“I really want to be one of those people who helps out special needs kids and gets to just hang out with some amazing people every day,” she said, running a hand through her long, chestnut hair.
I began to fidget as well. No amount of comforting campfire smell or warm, flannel blanket seemed to be able to keep my nervousness at bay. I felt that icy, cold hand of fear start to creep its way down my spine. I was terrified to say what I wanted to do in the future. From what I’d figured out, it didn’t include saving wildlife or helping children in need. My dream suddenly felt so selfish and not up to speed that I just wanted to crawl in a hole and wait the whole thing out.
Answers began to float into the night air, longing and wishful tones clinging to every word.
“I just want to be something like a therapist. I love just listening to people and helping them figure out what’s wrong.”
“Ooh, I just want to go to college and have adventures there. I have no idea what I’m going to do with my life, but I have to just believe it’s gonna be something good.”
“Would it be weird if I said I wanted to be an oceanographer someday?”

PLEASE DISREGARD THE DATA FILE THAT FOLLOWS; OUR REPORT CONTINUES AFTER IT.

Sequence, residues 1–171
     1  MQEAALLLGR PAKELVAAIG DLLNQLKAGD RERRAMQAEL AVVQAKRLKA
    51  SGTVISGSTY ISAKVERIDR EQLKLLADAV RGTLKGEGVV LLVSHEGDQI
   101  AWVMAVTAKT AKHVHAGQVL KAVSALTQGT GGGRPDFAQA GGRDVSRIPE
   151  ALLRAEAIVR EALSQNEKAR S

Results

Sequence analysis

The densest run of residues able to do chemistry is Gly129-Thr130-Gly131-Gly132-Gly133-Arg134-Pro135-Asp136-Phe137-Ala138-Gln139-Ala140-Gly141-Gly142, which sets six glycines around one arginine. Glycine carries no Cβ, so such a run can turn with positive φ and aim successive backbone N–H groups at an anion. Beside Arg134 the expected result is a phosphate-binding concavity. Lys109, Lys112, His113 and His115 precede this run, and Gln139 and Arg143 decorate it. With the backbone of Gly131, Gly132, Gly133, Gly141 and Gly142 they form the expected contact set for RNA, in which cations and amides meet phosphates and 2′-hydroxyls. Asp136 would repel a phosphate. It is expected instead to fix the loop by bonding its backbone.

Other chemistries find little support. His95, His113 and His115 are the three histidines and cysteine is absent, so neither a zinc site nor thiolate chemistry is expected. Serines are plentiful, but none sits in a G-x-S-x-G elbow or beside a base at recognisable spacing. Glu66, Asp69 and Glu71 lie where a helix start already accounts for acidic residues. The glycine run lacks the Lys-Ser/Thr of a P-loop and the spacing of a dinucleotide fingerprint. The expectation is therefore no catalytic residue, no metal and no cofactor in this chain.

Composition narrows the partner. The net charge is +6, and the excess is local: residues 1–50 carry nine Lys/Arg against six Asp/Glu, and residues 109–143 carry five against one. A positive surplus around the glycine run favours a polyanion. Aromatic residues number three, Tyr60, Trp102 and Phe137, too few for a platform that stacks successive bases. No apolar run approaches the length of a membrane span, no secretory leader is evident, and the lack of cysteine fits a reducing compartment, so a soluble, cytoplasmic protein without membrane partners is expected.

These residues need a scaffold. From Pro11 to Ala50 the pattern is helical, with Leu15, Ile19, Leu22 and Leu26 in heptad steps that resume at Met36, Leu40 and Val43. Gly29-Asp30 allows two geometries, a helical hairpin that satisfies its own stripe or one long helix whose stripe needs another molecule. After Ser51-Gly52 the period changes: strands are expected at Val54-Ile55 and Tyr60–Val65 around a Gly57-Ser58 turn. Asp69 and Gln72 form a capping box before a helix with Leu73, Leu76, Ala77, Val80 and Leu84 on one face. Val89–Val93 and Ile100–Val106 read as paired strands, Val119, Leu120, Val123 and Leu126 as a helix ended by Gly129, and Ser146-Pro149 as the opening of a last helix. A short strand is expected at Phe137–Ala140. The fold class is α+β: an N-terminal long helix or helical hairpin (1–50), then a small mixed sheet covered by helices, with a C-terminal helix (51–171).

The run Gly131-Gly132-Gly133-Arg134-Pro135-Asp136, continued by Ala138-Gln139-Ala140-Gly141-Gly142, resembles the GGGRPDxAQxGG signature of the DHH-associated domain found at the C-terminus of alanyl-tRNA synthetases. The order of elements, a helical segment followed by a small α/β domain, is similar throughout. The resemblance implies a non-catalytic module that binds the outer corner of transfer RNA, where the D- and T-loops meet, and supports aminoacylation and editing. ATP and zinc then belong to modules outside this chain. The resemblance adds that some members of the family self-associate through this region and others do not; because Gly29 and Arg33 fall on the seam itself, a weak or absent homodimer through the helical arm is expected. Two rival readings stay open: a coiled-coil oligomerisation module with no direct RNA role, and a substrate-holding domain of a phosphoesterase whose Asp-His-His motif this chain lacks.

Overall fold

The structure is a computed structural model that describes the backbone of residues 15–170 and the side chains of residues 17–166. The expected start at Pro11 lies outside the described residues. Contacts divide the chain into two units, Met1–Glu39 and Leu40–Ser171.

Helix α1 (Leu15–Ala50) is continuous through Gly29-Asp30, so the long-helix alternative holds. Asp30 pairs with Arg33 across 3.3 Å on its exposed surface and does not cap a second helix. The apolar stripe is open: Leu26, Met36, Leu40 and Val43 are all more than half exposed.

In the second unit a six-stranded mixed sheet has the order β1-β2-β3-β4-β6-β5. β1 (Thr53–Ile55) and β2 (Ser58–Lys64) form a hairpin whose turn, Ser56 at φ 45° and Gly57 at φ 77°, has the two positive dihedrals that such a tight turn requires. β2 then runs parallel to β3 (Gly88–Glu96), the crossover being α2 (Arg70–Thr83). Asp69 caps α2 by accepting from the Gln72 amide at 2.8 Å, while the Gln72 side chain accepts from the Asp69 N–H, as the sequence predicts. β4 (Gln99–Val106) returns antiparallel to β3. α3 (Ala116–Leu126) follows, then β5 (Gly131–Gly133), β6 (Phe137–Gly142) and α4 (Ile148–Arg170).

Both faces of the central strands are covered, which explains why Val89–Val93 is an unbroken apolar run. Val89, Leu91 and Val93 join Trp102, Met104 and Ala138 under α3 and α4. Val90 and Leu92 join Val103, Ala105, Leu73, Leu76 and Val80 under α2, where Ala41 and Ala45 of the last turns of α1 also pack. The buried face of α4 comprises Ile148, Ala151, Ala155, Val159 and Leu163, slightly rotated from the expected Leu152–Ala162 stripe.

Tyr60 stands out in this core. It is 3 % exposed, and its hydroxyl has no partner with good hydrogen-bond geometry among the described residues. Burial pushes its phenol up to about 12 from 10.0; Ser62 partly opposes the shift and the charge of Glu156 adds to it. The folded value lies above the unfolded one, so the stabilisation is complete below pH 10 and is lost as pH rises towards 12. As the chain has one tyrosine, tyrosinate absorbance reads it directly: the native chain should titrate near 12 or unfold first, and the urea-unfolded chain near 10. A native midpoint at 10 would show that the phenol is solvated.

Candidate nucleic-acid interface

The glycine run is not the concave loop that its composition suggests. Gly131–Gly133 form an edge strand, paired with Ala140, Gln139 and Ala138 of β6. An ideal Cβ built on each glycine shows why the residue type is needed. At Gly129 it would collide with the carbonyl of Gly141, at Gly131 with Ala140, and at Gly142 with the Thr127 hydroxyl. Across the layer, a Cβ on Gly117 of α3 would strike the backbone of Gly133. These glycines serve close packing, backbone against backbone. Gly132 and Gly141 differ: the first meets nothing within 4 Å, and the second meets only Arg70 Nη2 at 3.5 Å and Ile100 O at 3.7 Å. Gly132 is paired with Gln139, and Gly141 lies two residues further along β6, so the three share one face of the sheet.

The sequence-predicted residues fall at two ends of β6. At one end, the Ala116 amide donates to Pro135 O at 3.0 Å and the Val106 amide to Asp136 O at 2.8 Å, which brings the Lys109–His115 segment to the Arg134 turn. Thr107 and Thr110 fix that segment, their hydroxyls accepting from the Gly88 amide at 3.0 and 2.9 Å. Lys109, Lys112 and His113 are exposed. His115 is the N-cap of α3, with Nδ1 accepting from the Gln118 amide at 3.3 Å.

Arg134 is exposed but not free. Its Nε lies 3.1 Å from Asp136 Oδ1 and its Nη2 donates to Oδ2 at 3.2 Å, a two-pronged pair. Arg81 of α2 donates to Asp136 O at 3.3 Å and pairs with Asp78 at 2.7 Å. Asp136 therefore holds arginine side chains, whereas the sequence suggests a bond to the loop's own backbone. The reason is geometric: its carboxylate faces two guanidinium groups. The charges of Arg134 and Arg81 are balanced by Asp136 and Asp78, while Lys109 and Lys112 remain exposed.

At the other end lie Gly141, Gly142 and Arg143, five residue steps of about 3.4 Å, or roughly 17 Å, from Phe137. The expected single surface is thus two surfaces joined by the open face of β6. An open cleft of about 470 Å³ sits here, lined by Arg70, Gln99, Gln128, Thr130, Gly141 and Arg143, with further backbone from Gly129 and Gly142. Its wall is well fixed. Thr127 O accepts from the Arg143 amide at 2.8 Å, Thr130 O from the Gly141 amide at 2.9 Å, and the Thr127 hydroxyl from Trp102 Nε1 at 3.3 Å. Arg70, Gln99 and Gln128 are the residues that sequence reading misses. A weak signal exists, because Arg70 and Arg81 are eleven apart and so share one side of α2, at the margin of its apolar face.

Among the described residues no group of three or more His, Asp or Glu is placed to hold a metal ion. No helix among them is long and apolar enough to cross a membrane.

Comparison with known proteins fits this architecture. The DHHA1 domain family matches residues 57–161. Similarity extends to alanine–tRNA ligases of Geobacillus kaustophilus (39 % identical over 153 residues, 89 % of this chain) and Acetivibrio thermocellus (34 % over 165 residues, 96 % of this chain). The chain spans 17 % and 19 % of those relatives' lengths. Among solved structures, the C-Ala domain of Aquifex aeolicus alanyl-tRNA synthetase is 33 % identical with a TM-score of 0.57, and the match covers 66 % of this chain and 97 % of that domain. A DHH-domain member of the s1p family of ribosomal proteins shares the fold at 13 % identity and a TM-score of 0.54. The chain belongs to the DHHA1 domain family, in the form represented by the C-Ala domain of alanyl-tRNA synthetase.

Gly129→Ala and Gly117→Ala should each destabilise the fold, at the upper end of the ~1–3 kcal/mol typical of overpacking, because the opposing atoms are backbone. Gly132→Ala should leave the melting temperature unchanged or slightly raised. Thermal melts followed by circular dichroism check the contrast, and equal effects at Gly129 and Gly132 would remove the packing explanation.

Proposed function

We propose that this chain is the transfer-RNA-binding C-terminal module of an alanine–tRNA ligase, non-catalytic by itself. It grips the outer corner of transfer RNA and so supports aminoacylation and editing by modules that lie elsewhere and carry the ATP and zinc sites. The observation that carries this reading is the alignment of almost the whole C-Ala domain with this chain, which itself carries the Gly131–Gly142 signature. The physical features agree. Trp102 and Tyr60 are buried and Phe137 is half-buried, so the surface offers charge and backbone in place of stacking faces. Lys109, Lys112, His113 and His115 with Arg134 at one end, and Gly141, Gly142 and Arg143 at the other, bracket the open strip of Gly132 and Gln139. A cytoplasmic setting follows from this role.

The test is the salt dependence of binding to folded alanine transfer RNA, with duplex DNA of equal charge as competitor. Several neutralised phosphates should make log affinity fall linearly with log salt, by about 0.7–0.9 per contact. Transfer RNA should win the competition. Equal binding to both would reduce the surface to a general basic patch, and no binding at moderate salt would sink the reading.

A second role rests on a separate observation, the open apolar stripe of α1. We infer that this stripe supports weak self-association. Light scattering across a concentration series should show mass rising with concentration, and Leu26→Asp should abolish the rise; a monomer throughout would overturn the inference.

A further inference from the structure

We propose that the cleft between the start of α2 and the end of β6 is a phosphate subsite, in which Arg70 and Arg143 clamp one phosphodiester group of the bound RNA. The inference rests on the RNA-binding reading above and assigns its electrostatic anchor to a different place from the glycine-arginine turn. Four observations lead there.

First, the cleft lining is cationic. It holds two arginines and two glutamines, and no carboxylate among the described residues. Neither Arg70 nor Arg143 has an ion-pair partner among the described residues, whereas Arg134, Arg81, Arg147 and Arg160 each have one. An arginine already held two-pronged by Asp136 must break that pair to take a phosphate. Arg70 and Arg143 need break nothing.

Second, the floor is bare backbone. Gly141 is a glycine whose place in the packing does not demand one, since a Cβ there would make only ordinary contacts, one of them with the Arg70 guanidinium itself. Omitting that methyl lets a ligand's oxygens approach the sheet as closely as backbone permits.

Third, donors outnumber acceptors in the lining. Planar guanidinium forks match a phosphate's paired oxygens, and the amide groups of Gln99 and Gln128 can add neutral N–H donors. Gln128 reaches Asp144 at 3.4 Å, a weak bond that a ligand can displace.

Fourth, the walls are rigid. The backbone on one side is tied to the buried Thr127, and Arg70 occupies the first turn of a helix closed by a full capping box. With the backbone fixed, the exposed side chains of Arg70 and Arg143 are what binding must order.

“No way, man! Pretty sure zookeeper is gonna be my future career.”
The line of people began to diminish, and I found myself clenching and unclenching my clasped hands. I was silently wishing that I’d never said “I’ll be there” in response to the email. Sure, I’d been having an amazing day. But even the most amazing day can be torn down in a second.
“Seana?”
“Yeah?”
“You’re up.”
I took a deep gulp of air. “I . . . I’d like to travel the world. I want to experience all of the amazing sights and sounds of Europe, Australia, and just everywhere. It all sounds so cool.”
There. I’d said it. It wasn’t that big of a deal. Just some words strung together to make a sentence. But it was the first step into something greater. I was greeted with smiles and nods, and I let out the breath I didn’t know I was holding. It was okay. There was no judgement hiding behind the eyes of my friends, and I couldn’t see anyone pretending to be there for me just because it was convenient for them. It was all so real and direct.
We went around our little circle a few more times, answering prompts from favorite animal to a secret that we’ve never told anyone. As the night began to deepen into something more relaxed and breathtakingly honest, I saw a single star start to twinkle. Someone suggested we go stargazing, and most of us packed up our blankets and shuffled over to another clear patch of grass. We spread out the blankets, but instead of sitting in a formal-feeling circle, we just began to lay down where we were standing. A friend of mine had staked out a section of a plaid blanket, and I joined him, resting my head on his leg.